This article was originally posted on Realizing Your Worth, the Realized Worth blog -- a leading source for Workplace Volunteering and Corporate Social Responsibility (CSR) best practices and opinion leadership. Please welcome today's guest, Chris Jarvis. Chris takes on the power of reflection in corporate volunteering programs. We like his insights and think his ideas for creating an engaged workforce through the process of reflection can also be applied to other kinds of volunteer teams -- student groups, civic teams, parent-school teams, etc.
- Improved community perception and marketing potential
- Creation of positive culture of caring and community service
- Improved communications as people from different sites, departments and levels of seniority work together on social community initiatives
- A license to operate through the approval of local community by the demonstration of good social policy practice
- Improved relationships with customers who increasingly demand information about corporate-citizenship activities
- More effective networking through community links
- Improved morale and motivation
- Lower staff turnover (which attracts and maintains good employees)
- Better company relations
- Positive effect on productivity
- Greater employee fulfillment
- Skill and ability increase for employees
- Reduced absenteeism and fewer labour stoppages
- Personal and professional growth which strengthens the workforce
- Hold casual “round table” meetings with everyone who volunteered to hear about their experience (I included some ideas for round table questions below.)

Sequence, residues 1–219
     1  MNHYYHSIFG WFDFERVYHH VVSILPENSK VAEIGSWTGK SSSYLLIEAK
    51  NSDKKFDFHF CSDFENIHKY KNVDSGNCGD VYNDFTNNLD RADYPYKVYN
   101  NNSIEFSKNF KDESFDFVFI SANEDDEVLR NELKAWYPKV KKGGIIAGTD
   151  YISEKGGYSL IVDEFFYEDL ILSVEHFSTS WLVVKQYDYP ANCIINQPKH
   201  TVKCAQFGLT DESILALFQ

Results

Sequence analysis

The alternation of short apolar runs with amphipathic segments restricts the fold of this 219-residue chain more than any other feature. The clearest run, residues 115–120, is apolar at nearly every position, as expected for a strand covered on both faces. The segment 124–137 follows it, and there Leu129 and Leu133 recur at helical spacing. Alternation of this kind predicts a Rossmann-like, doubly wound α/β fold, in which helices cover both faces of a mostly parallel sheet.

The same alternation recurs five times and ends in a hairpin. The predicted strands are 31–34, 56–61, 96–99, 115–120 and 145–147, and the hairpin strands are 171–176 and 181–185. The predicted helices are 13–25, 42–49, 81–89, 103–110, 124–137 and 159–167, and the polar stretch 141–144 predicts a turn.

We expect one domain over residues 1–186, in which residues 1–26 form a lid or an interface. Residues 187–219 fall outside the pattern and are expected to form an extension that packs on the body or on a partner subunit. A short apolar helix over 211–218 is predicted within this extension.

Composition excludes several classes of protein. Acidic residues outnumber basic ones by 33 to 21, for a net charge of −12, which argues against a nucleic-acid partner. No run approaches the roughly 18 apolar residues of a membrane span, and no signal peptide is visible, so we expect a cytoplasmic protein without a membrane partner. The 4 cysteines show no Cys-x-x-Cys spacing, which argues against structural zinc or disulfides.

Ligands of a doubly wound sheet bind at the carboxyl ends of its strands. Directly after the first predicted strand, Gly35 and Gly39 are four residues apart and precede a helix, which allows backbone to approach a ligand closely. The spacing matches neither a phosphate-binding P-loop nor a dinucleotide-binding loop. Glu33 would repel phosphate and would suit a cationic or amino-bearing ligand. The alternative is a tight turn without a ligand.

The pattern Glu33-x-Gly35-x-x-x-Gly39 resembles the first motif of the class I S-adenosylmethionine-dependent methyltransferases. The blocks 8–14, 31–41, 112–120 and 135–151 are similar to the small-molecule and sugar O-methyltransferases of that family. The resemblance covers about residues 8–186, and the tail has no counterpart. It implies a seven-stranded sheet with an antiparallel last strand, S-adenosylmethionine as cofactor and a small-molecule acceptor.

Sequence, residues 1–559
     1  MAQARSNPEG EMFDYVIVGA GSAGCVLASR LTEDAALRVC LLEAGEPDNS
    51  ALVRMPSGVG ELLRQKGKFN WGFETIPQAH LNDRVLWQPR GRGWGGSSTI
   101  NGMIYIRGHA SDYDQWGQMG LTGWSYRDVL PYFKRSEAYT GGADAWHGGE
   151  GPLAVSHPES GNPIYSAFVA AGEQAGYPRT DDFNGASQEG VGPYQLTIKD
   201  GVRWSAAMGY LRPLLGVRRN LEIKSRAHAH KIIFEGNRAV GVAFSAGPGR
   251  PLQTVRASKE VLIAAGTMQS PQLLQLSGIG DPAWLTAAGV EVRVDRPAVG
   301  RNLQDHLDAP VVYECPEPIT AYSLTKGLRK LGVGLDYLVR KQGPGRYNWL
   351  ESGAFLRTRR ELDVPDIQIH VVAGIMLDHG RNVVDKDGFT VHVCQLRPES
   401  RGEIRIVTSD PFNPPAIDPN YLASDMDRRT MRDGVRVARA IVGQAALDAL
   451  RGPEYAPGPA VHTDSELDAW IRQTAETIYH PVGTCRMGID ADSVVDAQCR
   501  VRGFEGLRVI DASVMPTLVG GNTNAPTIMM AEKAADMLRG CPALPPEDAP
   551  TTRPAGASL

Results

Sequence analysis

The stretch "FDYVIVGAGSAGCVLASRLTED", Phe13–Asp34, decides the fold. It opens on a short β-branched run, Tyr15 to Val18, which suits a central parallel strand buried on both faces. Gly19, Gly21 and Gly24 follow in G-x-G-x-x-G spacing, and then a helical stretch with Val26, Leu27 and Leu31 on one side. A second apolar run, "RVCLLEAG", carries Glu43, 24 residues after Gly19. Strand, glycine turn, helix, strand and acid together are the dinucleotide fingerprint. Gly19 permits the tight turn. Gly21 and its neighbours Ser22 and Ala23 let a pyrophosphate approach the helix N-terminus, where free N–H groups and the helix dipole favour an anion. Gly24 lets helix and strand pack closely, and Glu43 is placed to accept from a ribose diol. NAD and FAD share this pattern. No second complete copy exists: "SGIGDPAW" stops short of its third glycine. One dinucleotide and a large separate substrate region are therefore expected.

- Have volunteer leaders present at a "Lunch & Learn" and explain what they did and why it was meaningful
- Create social gatherings over lunch (or better yet, after work over beer) where employees can talk about volunteering with other employees who may be curious or want to share their concerns
- Have volunteers write short blogs or use twitter to send out micro-blogs about their experiences. Be sure to have them invite questions and more dialogue on their thoughts.
- Work with HR to incorporate reflection on these activities during performance reviews
- Invite employees to include quotes or short blurbs about their experiences for the annual CSR report.
- Was your volunteering experience what you expected?
- Did you learn anything about yourself?
- What kinds of things did you discover about the community you were working in?
- What do you think your personal contributions were to the volunteering experience?
- Have any of your values, opinions, beliefs been influenced by volunteering?
- What is your biggest takeaway?
- How have you been challenged?
- What changes are you considering for yourself?
Chris Jarvis is a leading CSR blogger and speaker who works with companies to help them connect with their communities. Chris co-founded Realized Worth with his partner, Angela Parker, to help companies create outstanding corporate volunteering programs and utilize social media to create authentic and engaging conversations.
Together these 2 elements give companies the power and relevance of action and dialogue; involvement and storytelling; "the walk and the talk."
Chirs can be found on Twitter at @RealizedWorth and vlogging as the exclusive Canadian representative of 3BLMedia. 3BLMedia works with organizations to tell their CSR, Sustainability and Cause Marketing stories across the social web.